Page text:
Let Me Clarify
According to the old MasterCard commercials, there are many priceless moments out there that money can’t buy. Although it’s a bit of a cliché at this point, there are still a few items in financial planning that I would say you still can’t put a price on.
Let me clarify.
With fees continuing to be a hot topic, advisors and planners are continuously being asked to demonstrate their value; ultimately justifying the fees that they charge. Don’t get me wrong, fees are extremely important and you should always know what you are paying, but in my experience, sometimes individuals are comparing apples to oranges. There are certain areas that you just can’t put a dollar value on. Two of these concepts in particular are distinguishing the difference between expectations with products vs. services.
What’s love got to do with it?
As I mentioned, there are always going to be items that you can’t put a price on. I won’t waste your time with an exhausting list of all the financial planning items, but a perfect example would be estate planning. (If you want to learn more about estate planning in general, check out our recent Insights article. We are not attorneys, but a huge piece of financial planning surrounds wills, trusts, advanced directives, and taking care of your loved ones. While there certainly is a price for hourly attorney fees and legal documents, I’ve never met anyone that could place a dollar amount on taking the weight off of loved one’s shoulders or knowing who would take care of your minor child, if something should happen to you prematurely. Remember: the state may not always have the same intentions that you do.
Products vs. Services
The priceless emotional benefit of an appropriate estate plan within your financial roadmap is a perfect transition into reminding ourselves that “value” shouldn’t be approached purely by the investment returns that you see on your statement. It sounds pretty straightforward, but you might be surprised by the amount of times I’ve heard “if my fee is X%, then my returns should be X% higher.” While I do believe advisors can potentially add investment value (whether that’s from the specific funds they choose, asset allocation construction, reminding clients to think rationally during volatility, etc.), don’t forget your relationship is based on the services they provide that may not show up in your account value.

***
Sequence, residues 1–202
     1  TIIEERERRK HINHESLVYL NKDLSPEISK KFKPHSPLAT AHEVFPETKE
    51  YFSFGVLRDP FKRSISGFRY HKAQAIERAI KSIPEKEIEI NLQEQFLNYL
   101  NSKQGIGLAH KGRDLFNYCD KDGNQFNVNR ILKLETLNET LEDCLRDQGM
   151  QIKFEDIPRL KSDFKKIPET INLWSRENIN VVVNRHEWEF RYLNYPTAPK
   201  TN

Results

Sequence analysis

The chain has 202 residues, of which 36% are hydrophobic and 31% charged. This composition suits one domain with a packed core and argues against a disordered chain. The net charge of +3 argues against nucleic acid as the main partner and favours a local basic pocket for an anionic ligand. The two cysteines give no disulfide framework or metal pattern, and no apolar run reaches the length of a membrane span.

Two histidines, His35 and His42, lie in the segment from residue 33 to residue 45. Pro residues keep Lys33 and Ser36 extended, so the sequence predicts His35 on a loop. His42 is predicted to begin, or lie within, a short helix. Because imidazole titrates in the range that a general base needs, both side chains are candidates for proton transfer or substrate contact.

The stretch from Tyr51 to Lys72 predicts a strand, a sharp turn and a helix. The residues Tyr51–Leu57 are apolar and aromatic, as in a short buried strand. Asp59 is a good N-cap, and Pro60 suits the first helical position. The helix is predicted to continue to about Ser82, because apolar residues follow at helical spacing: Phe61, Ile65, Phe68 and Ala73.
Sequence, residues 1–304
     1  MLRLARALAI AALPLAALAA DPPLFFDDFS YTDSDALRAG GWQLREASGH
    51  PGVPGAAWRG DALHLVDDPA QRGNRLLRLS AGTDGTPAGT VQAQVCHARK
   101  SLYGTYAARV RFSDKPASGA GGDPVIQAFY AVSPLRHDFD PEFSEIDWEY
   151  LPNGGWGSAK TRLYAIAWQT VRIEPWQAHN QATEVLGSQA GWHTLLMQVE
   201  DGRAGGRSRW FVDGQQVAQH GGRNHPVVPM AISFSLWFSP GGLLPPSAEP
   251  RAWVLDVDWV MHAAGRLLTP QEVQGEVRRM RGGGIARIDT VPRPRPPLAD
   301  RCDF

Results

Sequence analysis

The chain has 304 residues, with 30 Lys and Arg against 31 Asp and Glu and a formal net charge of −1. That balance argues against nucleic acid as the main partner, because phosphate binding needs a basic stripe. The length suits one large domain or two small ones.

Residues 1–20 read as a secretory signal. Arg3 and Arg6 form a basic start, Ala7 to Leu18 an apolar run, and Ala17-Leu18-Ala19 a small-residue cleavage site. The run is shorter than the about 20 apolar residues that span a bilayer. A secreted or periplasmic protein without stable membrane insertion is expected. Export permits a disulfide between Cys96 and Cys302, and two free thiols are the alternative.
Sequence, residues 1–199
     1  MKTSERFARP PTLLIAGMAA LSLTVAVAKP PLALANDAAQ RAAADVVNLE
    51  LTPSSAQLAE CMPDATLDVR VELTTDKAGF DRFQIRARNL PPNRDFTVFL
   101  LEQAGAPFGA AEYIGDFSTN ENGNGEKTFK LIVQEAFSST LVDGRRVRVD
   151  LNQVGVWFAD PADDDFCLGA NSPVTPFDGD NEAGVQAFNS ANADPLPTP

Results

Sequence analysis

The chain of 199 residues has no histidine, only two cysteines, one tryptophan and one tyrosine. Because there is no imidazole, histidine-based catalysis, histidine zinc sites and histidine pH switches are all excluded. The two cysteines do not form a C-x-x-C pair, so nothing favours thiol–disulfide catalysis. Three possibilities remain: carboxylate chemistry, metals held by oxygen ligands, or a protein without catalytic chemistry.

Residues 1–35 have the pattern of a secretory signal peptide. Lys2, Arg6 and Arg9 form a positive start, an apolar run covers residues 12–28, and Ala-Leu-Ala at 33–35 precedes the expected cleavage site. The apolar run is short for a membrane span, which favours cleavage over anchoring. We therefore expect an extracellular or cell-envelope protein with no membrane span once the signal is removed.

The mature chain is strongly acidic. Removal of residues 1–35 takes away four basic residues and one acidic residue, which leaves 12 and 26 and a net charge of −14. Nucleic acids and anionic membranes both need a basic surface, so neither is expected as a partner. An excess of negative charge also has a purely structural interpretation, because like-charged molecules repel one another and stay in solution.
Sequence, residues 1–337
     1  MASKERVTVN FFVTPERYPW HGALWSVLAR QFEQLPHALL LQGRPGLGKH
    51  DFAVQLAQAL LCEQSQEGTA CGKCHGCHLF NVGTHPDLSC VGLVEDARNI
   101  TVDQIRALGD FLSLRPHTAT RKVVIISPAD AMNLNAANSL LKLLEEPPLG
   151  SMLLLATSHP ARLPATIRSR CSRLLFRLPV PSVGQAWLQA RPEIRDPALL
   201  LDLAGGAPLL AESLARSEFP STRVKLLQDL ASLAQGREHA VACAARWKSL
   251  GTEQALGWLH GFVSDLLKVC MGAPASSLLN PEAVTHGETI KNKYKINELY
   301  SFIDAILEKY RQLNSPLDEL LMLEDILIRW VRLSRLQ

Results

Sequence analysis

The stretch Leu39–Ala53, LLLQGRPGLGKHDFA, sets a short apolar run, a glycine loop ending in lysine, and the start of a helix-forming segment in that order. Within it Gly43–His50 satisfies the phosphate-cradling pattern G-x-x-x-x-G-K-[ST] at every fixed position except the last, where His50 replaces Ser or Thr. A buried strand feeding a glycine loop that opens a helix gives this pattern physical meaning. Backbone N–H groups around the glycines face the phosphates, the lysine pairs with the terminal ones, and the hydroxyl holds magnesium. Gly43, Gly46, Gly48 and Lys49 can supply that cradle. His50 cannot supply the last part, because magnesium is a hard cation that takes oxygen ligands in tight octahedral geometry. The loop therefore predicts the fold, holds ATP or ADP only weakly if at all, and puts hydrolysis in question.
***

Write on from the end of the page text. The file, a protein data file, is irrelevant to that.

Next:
I’m sure we’ve all paid for a car wash or a doctor visit or for great service at a fancy anniversary dinner. Again, the value of these services did not add to your bank account, but rather added to your peace of mind or even experiences that you’ll never forget. Don’t get me wrong, financial planning should always focus on financial outcomes, but they are achieved through the services that you experience.
Thankfully, financial planning has come a long way! And as I’ve mentioned in a few other posts now, I encourage you (whether you already work with someone or are considering it) to gather as much information as you can. Obviously, at the top of that list should be what you’re paying. But, before you blindly follow the lowest fee on paper, be sure to understand the depth of invaluable services you should be receiving; instead of getting fixated on investment returns and what you might expect from simply being sold products.
As we embark on this clarifying journey together, I encourage you to submit any ideas, topics, or questions to email@example.com. The opinions voiced in this material are for general information only and are not intended to provide specific advice or recommendation for any individual. “Let Me Clarify” is a weekly blog containing Chad Baxter’s insights and thoughts about a variety of topics. To learn more about Chad, click here
All performance referenced is historical and no guarantee of future results. All investing involves risk including loss of principal. No strategy assures success or protects against loss. This information is not intended to be a substitute for individualized legal advice. Please consult your legal advisor regarding your specific situation. Clarify Wealth Management and LPL Financial do not provide legal advice or services. The opinions voiced in this material are for general information only and are not intended to provide specific advice or recommendations for any individual. All investing involves risk including loss of principal. No strategy assures success or protects against loss. There is no guarantee that a diversified portfolio will enhance overall returns or outperform a non-diversified portfolio. Diversification does not protect against market risk. Rebalancing a portfolio may cause investors to incur tax liabilities and/or transaction costs and does not assure a profit or protect against a loss.